• Reading Levels 3 - 5
Geography

Glaciers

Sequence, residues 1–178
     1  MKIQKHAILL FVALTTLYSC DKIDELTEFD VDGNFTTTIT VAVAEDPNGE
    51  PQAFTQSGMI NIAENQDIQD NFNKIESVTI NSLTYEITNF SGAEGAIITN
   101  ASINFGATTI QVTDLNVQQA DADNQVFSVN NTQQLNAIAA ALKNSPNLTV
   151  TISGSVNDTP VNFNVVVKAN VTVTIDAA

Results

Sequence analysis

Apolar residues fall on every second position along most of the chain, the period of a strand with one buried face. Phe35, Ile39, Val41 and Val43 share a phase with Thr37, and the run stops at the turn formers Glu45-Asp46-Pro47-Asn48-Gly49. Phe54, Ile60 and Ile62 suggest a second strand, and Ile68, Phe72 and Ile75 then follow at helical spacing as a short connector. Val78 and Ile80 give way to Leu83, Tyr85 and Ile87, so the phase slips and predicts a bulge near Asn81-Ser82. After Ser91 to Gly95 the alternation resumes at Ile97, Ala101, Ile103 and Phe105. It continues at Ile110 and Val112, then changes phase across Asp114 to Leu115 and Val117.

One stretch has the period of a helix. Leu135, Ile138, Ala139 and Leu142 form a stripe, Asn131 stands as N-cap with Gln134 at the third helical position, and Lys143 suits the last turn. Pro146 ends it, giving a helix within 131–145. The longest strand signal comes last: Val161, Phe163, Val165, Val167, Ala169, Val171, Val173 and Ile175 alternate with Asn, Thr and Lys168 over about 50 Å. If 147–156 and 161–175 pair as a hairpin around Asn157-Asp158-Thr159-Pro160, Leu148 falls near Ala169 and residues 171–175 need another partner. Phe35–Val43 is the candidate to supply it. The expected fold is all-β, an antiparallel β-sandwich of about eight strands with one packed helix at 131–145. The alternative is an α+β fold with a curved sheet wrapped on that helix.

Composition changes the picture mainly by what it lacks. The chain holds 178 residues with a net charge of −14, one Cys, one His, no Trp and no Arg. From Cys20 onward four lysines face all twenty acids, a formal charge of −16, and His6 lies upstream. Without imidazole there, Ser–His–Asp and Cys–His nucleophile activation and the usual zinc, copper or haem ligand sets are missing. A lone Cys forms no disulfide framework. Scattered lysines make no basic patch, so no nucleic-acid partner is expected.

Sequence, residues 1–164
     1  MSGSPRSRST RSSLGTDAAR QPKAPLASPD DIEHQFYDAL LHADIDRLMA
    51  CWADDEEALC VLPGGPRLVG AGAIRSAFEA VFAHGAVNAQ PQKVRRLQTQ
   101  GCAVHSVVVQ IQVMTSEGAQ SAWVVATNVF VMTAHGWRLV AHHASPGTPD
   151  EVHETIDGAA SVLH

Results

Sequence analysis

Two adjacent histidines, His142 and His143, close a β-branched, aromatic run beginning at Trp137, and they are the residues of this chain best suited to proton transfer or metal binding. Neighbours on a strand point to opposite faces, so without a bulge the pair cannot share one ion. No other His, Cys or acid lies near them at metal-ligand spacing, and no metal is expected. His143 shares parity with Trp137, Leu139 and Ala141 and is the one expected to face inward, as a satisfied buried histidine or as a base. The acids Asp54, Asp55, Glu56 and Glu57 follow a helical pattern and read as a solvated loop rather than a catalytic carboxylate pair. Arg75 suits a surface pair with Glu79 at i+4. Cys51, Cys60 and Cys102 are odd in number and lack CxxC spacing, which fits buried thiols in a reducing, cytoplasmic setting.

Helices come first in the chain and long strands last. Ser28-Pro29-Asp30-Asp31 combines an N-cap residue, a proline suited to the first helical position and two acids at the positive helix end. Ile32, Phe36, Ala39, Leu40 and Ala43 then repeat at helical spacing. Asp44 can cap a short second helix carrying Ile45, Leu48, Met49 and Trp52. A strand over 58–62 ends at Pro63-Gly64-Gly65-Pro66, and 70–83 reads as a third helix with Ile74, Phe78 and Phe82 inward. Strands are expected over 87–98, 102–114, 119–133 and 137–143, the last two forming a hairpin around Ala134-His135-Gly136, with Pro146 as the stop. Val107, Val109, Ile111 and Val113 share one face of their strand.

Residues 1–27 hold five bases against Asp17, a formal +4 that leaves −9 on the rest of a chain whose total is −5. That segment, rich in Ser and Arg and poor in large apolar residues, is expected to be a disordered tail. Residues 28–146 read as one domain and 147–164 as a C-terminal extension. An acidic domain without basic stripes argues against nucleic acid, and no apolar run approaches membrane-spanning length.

Scientists have been studying a vast ice sheet in Antarctica for months. Now, they warn that if it melts, the effects could be catastrophic . But what are glaciers? And why do they affect us? What are glaciers? Glaciers are huge masses of ice. They flow over land like water - but much more slowly. As a result, many people describe them as "rivers of ice". They form over hundreds of years where fallen snow compresses and turns into ice. In many glaciers, the ice is so compactedPressed down very tightly. that it is a bright, clear blue. Glaciers make up the largest store of water on the planet. In fact, they hold 75% of the world's freshwater. Are there different kinds? Yes! They are usually divided into two groups. Alpine glaciers form on mountainsides and move downwards over land. Over millions of years, they change the way the ground looks by forcing dirt and debris out of their way, creating whole valleys. The second kind is an ice sheet. These are not limited to mountainous areas. They spread out and cover much larger areas. As they grow, they cover everything around them including valleys, plains - even entire mountains. The largest ice sheets are known as continental glaciers and are found in GreenlandAn island country in North America that is part of the Kingdom of Denmark. It lies between the Arctic and Atlantic oceans, east of the Canadian Arctic Archipelago. Greenland is the world's largest island. and AntarcticaThe most southerly continent, surrounding the South Pole. Its area is estimated at 5.5 million square miles, most of it covered in ice.. Does anything live on them?Temperatures may be too low for humans, but some creatures depend on these icy conditions. All sorts of microbesVery small living things, also known as microorganisms. live on the surface of the ice - and under it. Many species of birds also visit the glaciers during the summer months. Whales, polar bears and seals are larger animals that roam the ice looking for food. How big are they? They are huge. To be considered an official glacier, the ice must cover 25 acres - or nearly 15 football pitches. The world's largest glacier is the Lambert Glacier in East Antarctica. It is nearly 100km wide and 2,500 metres deep. It is about 435km long — almost as wide as the UK. The Lambert Glacier is sometimes known as an ice stream because it moves faster than most glaciers. Its top speed is 1,200 metres per year. What's the problem? Last week, scientists announced that the Thwaites GlacierThe glacier is named after glacial geologist Fredrik Thwaites.  in Antarctica is melting faster than they thought. This is because of warm seawater from the other side of the world. It usually doesn't travel this far south. Now, it is arriving as a result of the unusually strong winds caused by the warming of the Pacific Ocean. When glaciers melt, sea levels rise. Scientists estimate that if all the world's glaciers melted, sea levels would rise by 65 metres — enough for London to be buried underwater. Is there anything we can do? Luckily, yes! Melting glaciers are just one example of how the world is being affected by global warming. We can all help by reducing our carbon footprintThe total amount of greenhouse gases (including carbon dioxide and methane) that are generated by our actions. China is the top emitter with 28% of the world’s total emissions. The US is second with 14%.. Some ways to do this are by wasting less electricity, finding alternatives to single-use plastic and eating food that is produced locally.KeywordsCompacted - Pressed down very tightly.

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